Wife of collapsed investment firm founder handed a £120,000 tax bill

Helen Hume-Kendall is married to Simon Hume-Kendall, the man who originally set up LCF and then went on to become one of the firm’s biggest borrowers before it collapsed in 2019.

It has emerged that Mrs Hume-Kendall was handed the tax bill for unpaid Stamp Duty Land Tax [SDLT] on a property she purchased in Bewl Water in Wadhurst.

According to court documents dated to August 2019, Mrs Hume-Kendall had claimed the £1.2million Hook House, which had been bought through her now dissolved company, Waterside Estates, was exempt from the higher rate of stamp duty of 15 per cent as it was bought as a holiday let.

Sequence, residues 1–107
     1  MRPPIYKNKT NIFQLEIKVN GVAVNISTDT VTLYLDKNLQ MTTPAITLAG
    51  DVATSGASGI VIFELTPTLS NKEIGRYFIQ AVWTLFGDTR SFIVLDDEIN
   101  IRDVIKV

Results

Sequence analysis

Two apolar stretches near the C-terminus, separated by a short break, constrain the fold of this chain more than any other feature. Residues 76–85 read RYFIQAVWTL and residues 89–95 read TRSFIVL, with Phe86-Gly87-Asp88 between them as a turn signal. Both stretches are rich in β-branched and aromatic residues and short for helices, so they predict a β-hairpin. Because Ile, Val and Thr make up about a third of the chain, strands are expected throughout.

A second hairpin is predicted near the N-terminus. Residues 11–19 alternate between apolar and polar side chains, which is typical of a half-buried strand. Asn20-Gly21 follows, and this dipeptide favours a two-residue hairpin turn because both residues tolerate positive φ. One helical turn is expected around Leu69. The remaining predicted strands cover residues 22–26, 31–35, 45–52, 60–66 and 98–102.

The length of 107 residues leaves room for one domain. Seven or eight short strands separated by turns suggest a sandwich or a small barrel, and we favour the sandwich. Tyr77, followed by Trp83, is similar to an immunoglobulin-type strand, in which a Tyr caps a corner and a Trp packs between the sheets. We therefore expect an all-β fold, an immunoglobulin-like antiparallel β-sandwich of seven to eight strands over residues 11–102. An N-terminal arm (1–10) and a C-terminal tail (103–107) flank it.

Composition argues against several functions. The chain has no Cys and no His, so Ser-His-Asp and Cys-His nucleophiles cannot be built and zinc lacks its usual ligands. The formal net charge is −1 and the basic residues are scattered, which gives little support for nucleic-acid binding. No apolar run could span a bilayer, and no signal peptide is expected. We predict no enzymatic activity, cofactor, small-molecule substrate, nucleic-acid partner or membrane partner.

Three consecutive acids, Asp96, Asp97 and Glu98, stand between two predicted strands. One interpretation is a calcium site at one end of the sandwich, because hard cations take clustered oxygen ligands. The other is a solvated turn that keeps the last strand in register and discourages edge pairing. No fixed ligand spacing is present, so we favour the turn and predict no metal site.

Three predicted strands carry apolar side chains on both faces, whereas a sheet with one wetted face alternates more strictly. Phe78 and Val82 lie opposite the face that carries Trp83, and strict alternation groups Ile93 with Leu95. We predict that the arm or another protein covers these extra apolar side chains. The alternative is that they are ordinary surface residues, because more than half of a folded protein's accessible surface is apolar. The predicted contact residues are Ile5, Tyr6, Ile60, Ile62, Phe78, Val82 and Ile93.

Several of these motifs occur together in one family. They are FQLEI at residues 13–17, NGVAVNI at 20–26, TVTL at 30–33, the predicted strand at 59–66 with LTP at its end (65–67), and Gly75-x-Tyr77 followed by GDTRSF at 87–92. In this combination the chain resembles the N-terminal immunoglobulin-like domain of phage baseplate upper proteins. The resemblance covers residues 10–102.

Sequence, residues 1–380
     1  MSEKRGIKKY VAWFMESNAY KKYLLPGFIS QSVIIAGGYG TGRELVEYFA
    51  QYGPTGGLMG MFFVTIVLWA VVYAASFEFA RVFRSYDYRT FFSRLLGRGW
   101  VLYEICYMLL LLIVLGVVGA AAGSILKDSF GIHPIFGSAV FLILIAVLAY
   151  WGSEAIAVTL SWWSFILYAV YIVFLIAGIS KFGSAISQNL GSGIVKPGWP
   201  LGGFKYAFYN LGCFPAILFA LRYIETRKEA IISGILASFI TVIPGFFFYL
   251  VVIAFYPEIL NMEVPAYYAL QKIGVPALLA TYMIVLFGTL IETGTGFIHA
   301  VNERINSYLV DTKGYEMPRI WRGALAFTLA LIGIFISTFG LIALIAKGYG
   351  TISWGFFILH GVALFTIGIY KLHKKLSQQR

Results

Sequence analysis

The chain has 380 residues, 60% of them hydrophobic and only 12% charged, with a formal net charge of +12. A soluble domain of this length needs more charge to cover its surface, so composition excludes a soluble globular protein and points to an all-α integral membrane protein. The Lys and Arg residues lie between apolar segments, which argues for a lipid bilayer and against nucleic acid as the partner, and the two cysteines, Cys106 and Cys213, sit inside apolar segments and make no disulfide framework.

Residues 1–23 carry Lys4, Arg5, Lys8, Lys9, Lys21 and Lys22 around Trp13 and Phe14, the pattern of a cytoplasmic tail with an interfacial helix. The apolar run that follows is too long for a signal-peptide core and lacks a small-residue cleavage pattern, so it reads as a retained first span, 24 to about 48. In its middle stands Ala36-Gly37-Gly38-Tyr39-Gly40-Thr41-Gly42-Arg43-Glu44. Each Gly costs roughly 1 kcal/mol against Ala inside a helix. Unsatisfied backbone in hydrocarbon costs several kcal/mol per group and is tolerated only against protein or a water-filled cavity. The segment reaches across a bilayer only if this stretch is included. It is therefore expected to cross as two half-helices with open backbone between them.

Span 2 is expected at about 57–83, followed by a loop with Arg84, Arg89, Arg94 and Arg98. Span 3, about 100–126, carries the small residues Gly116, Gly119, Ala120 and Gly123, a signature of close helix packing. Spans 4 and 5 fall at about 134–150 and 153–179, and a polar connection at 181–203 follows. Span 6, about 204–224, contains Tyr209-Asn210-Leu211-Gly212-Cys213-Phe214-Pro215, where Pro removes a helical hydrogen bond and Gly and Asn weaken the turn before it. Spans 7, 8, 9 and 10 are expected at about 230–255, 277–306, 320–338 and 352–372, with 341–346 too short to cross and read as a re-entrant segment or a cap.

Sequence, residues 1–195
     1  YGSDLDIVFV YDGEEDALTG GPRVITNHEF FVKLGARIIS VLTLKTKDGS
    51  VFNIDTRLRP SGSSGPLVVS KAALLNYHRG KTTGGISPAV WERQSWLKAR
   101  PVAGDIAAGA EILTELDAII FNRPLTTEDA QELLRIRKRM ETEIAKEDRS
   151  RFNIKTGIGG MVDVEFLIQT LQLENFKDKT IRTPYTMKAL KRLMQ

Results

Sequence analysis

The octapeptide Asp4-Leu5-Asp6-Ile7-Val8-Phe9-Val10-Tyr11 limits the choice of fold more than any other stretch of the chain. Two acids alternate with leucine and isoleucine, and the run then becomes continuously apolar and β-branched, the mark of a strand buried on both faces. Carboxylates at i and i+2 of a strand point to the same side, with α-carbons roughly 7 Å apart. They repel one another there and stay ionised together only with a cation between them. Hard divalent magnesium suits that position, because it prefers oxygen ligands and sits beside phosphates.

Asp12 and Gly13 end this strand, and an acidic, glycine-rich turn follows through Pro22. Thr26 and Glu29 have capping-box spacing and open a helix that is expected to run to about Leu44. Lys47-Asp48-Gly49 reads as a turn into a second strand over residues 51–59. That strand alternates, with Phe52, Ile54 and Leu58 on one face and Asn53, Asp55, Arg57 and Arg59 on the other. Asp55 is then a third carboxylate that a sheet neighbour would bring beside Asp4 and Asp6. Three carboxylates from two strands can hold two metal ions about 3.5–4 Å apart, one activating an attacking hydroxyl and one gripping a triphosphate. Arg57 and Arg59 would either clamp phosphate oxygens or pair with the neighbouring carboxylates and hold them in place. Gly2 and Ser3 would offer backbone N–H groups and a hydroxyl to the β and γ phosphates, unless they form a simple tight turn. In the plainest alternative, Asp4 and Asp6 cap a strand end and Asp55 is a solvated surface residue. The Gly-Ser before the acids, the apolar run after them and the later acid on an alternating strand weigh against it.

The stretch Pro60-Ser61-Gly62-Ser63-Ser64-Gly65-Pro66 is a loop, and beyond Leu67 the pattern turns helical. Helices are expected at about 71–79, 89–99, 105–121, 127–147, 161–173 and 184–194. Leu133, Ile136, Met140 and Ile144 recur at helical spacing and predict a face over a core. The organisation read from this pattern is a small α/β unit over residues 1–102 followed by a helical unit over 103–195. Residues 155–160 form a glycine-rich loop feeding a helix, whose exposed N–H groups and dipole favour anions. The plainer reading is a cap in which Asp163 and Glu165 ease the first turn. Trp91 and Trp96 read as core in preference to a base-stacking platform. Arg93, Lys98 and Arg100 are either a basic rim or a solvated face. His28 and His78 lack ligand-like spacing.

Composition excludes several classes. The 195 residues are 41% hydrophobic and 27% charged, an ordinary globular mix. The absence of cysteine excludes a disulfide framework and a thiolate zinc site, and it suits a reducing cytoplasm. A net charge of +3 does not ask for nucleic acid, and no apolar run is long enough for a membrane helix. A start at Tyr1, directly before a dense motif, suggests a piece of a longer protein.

But HMRC had unveiled a clause in her shareholder’s contract that demonstrated that Mrs Hume-Kendall had on a number of occasions stayed at the property, which overlooks Bewl Water reservoir, so she did not qualify for relief on her SDLT.

The tribunal sided with HMRC and Mrs Hume-Kendall was left with a bill for unpaid stamp duty of £118,750.

LCF collapsed in January 2019 owing around 11,500 investors more than £237million. Last week a handful of investors launched a judicial review over the handling of compensation claims after the FCSC [Financial Services Compensation Scheme] refused to give the majority of investors any recompense.

Administrators to LCF, Smith & Williamson said last year that they were to sue 13 people connected to the firm, including both Mr and Mrs Hume-Kendall, for £178million, over the collapse.

The Serious Fraud Office is also investigating the failure of the minibond firm.

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